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NSR concludes its 2015-2016 publication schedule. A Keynote Address and Reflections- by Professor Hong-Ming Liang, NSR editors Bryce Gadke and Sara Tomlinson. The North Star Reports: Global Citizenship and Digital Literacy, at NorthStarReports.org and facebook.com/NorthStarReports

NSR concludes its 2015-2016 publication schedule. A Keynote Address and Reflections – by Professor Hong-Ming Liang, NSR editors Bryce Gadke and Sara Tomlinson. The North Star Reports: Global Citizenship and Digital Literacy, at NorthStarReports.org and facebook.com/NorthStarReports

2016 spring coverage BMed

[The North Star Reports  global areas of coverage, 253 original articles, student written and edited,  in less than three years.]

Reflections on Farcebook after the keynote speech. The North Star Reports and the spirit of gratitude and service. “Everywhere i go, my elders travel by my side. i stayed up all night fussing over a keynote address for the Lake Superior Writing Summit. it is a great honor to be invited, and wonderful to share the excellent work of hundreds of The North Star Reports’ student writers and editors. as i fussed, it occurred to me that our main mission statement, “Those of us fortunate enough to receive an education, and to travel, have an ethical obligation to serve others” is tied to the lessons taught by my paternal grandmother. sold as a child bride, she worked since youth as a farm laborer, endured a lifetime of humiliation, toil and poverty — yet the thing she regretted the most, the thing that made her the saddest, is that she was not allowed to go to school and died in her 90s illiterate. ironically, or maybe not, she raised a family of scholars and teachers, and would spend weekend afternoons watching us read — always with that look of sadness and wonderment. a door left closed to her that she opened for her children and grandchildren. i think of this often, and share this story with my students, because on a day to day basis, there are plenty of things to complain about, to worry about. it is useful to remind one selves of how fortunate we are, to be grateful, and to remember the obligation to serve that comes with this good fortune. though gone for decades, not a day goes by that i do not think of these elders, my paternal and maternal grandparents, and the lessons they left for us, and how much more i have to do to honor them. when our elders travel with us, we are never alone.” Professor Hong-Ming Liang, Ph.D., publisher and editor in chief, The North Star Reports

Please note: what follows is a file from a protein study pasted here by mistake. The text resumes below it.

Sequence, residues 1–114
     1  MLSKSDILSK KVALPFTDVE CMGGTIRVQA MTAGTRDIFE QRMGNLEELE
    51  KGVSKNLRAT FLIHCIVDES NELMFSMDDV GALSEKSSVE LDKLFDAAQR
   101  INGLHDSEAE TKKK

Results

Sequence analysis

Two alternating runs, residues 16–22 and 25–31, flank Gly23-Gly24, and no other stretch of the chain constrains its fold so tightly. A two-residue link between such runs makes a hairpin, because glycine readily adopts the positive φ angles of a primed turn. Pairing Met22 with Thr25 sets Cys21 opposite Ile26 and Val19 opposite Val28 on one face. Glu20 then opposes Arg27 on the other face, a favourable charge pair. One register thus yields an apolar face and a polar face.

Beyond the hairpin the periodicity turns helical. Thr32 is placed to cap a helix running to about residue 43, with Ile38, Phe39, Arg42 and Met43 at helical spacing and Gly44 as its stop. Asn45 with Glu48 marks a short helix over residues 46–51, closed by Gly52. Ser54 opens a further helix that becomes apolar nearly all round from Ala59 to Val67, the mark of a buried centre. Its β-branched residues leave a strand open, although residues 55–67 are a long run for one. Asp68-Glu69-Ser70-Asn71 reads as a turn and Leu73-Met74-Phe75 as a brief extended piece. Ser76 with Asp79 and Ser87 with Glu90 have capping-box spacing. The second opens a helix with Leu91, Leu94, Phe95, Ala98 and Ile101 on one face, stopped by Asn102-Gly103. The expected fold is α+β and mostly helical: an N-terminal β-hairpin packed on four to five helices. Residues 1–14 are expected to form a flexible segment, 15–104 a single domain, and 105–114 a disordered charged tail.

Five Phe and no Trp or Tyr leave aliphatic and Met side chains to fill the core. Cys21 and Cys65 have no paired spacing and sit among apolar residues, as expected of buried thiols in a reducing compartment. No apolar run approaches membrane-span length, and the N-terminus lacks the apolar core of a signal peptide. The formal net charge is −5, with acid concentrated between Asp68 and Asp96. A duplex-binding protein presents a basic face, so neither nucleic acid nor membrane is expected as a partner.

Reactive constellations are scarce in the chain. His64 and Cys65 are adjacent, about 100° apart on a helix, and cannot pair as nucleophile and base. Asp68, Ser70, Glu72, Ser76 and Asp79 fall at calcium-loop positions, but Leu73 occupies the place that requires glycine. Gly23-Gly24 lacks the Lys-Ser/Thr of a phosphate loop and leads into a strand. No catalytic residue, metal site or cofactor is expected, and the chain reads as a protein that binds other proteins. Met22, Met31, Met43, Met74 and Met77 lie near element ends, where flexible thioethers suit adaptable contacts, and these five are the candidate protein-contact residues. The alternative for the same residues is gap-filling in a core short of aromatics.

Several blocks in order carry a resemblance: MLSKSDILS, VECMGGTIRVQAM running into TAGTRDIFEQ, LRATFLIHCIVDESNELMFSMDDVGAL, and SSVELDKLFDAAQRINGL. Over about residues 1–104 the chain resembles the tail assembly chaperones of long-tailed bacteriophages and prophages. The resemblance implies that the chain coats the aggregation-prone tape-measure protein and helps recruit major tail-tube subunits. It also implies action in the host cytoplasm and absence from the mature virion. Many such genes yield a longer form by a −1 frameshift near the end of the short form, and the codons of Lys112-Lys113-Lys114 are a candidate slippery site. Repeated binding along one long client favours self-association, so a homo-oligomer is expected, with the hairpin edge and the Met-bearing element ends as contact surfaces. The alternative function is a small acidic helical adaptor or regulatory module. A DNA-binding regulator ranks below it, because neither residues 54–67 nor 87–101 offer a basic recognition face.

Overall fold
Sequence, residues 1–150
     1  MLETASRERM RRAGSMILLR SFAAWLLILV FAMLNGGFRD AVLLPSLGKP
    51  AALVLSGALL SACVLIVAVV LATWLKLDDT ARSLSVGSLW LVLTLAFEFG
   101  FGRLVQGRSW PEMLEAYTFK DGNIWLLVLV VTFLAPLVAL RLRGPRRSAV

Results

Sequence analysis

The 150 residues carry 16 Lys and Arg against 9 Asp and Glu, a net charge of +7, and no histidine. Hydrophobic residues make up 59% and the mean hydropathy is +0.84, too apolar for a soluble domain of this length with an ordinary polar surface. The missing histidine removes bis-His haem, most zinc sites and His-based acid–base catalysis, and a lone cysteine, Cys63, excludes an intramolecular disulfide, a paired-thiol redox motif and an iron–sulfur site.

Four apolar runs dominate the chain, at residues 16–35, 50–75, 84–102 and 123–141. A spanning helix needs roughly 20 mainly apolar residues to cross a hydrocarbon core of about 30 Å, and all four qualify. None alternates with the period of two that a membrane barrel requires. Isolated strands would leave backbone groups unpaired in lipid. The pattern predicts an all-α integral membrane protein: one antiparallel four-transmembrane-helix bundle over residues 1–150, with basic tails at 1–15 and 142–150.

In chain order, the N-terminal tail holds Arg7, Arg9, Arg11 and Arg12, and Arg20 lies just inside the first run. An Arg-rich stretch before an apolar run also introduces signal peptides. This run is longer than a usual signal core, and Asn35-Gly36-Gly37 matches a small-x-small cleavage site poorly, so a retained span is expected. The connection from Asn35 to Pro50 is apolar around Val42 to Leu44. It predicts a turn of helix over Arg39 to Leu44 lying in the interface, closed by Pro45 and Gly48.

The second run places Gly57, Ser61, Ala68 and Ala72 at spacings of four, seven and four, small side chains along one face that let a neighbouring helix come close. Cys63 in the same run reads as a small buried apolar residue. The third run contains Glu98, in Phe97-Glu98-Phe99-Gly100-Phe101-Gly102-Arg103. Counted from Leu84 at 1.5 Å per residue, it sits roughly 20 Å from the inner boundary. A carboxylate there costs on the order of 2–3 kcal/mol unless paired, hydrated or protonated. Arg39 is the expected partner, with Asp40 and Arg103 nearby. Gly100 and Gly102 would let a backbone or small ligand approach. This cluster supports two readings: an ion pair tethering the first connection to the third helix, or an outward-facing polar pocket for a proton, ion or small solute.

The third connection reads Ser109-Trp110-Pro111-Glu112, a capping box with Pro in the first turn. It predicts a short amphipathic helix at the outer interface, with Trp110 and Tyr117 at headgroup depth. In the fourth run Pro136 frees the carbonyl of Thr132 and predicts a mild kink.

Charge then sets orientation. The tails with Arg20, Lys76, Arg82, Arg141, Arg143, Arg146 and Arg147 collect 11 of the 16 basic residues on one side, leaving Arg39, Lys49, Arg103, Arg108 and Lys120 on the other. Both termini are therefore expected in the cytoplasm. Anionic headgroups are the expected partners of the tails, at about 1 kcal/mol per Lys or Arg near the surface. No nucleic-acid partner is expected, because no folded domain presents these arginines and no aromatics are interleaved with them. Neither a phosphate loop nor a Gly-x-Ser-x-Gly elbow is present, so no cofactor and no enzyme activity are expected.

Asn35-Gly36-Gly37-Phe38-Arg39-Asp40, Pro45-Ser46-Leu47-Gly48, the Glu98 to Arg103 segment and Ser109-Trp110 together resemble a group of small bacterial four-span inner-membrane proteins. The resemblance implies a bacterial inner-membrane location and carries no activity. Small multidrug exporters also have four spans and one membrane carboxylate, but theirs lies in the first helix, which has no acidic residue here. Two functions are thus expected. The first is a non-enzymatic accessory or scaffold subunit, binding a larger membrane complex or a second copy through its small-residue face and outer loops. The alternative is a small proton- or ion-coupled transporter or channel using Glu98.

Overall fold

North Star Reports Keynote 2016 Script plus FB 2.0 Professor Liang

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[From Lake Superior Summit on the Teaching of Writing and English as a Second Language 2016 Keynote Address. Photo courtesy of Professor Jamie White-Farnham.]

One of the most interesting takeaways I got from the entire speech occurred before the speech was actually presented. Professor Zelman (currently my professor for first year composition) said, “Hello Bryce, I’m glad you could come to the keynote speech. This is a great opportunity to see what English professors do regularly outside the classroom.” My first reaction to his comment was confusion because I was unaware of what the entire day entailed as a summit for writing was just getting underway. Secondly, I asked myself is Professor Liang giving a speech to a room full of English teachers and professors? After the speech I collected documents from the table at the entrance and read what some of the other speeches would be on the rest of the day and realized that having the speech for NSR as the keynote was fitting. During the speech I also realized a form of translation (how we discussed in class and you touched on in your speech) that was not evident to me when discussing in class. I take for granted my participation in NSR comments and annotating news articles because that has been steady for me not only this semester, but also first semester. Now I can fully realize the grander themes at play when I am commenting and annotating, also hopefully writing for, in the near future. I think that the general interest in the topic was high in the audience. Teachers and professors from around the area may develop more of an interest in the future for participation, which seemed evident by the intrigue level as I looked around the room during the speech and during the question portion at the end. Not only does going further in-depth on the everyday occurrences of NSR help by providing a general understanding for those that are unaware; it provides perspective for those involved in the process and allows development of a deeper understanding and appreciation in one’s own work and the always present hard work that you put forth for not only your students, but also students in the surrounding area. The students you don’t have that participate in one way or another is a number that I surely assume will grow in the near future. Thank you for allowing me to be a part of the NSR team.

Bryce Gadke, social media editor, The North Star Reports